Make a ukulele sound like a guitar (almost)

Those of us who have attempted (rather unsuccessfully) to learn guitar and ended up learning the ukulele sometimes miss the “fuller” sound of the guitar, which makes it appropriate for sadder songs, just to mention one possibility. The re-entrant high-G tuning of most ukuleles doesn’t help much in this regard, but if you are, say, in a gig situation where you are going to amp the instrument anyway, there’s an inexpensive solution that will supply the “missing strings” without having to change your uke or your playing style at all. It’s called an “octaver pedal.” Read More

At last! The pretty good MIDI guitar

I have this thing for making a guitar sound like something different, like a piano, or a marimba. Those instruments produce short, “plucky” sounds like a guitar, so why not? One way to achieve this is to output MIDI instructions from a guitar, which has been attempted with rather limited success ever since MIDI was invented. Well, I’m happy to report that the wait might be over for the majority of us guitar (or ukulele) hacks. It’s a gizmo called “TriplePlay Connect,” and you can get it for under two hundred bucks. In this article, I make a pretty thorough review of it, including how to connect it for the quickest best results. Read More

Make a baritenor ukulele

By “baritenor” I mean a tenor-size ukulele that rather sounds like a baritone. Why do this? Because you can always get the standard uke sound from a baritone by simply putting a capo in the 5th fret, and you get two ukes for the price of one. Ideal for traveling, except that baritones are a bit too large to stuff in a suitcase. The solution? Tune a smaller uke like a baritone, or close to it. I’ve found that a tenor uke works well as a starting point, with good results. The baritenor set, plus a couple wound strings for the basses, should also work well to make a good-sounding guitalele with standard tuning.
Read More

The four 4-string close harmony tunings

One of the appealing qualities of the ukulele is that it sounds “sweet” to many people. Perhaps this is why it became so popular in Hawaii, from where it spread to the rest of the world. Musicologists explain that this perceived “sweetness” is the result of close harmony, made possible by the 4th string typically being tuned one octave higher than it would be normally. In this post, I delve into other re-entrant tunings (some already known, others not so much) that can be applied to a ukulele or similar, with sound samples. Perhaps there’ll be some that appeal to you. Read More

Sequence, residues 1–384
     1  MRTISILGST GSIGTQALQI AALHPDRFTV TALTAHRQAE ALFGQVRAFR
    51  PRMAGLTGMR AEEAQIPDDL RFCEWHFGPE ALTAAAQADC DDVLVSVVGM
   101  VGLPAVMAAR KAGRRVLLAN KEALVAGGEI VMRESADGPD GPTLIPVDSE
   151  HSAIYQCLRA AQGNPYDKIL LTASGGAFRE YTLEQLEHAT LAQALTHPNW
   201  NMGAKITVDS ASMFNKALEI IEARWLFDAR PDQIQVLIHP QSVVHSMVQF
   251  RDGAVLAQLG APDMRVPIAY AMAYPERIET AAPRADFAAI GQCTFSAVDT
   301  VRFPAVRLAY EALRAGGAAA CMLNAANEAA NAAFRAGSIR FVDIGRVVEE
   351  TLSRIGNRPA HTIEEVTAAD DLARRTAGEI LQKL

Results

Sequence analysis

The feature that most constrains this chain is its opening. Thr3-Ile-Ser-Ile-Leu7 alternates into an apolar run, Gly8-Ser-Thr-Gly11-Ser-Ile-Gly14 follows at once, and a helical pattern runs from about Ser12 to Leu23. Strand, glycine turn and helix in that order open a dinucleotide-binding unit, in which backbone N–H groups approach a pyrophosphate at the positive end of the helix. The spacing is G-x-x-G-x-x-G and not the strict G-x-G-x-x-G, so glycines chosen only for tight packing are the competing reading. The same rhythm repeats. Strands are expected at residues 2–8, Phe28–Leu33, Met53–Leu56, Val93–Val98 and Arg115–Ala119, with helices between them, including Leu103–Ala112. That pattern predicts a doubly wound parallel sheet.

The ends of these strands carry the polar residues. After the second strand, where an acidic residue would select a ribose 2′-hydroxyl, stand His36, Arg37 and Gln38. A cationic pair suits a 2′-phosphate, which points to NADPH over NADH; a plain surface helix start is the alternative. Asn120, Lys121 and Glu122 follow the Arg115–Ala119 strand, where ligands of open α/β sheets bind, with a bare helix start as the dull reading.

An inexpensive guitar/uke Midi setup that works

This may not be for every amateur musician out there, but I’m sure there are some that have felt quite frustrated over the apparent inability to have a guitar or uke that will sound like anything else (for a reasonable budget) and still be playable. Sure, you can always add a Fishman or Roland Midi pickup to an electric guitar for a lot of dough, only to find that they work well only for fingerpicking but not for strumming (the essence of uke playing) because of lag or inability to pick up every single string. Well, I think I finally licked it, and quite inexpensively. You can see it at right. The yellow tape on the “strings,” which is quite optional, is a simple tactile aid so I can use only strings 1 through 4 for ukulele playing. Read More

The XI century ukulele

The old chicken and egg problem, with music. Chances are you already knew that the ukulele, that little guitar that people use for accompanying Hawaiian and pop music, as well as a lot of pieces from the Tin Pan Alley era, was born in the late XIX century, when some Portuguese luthiers landed in Hawaii. So obviously the ukulele derives from the guitar. But did you know that before guitar existed there was an instrument that looked very, very much like a ukulele? See what the angel in the picture is playing. Read More

How to write a song

I’ve written six songs within the last week or so, keeping a full-time job and living an otherwise fairly normal life. I don’t claim they are any good, only that they were surprisingly easy to make. In this article I give you a blow by blow account of how this happened, the tools I used, and the process I followed. Maybe you’ll find something that will uncork your own creativity. Read More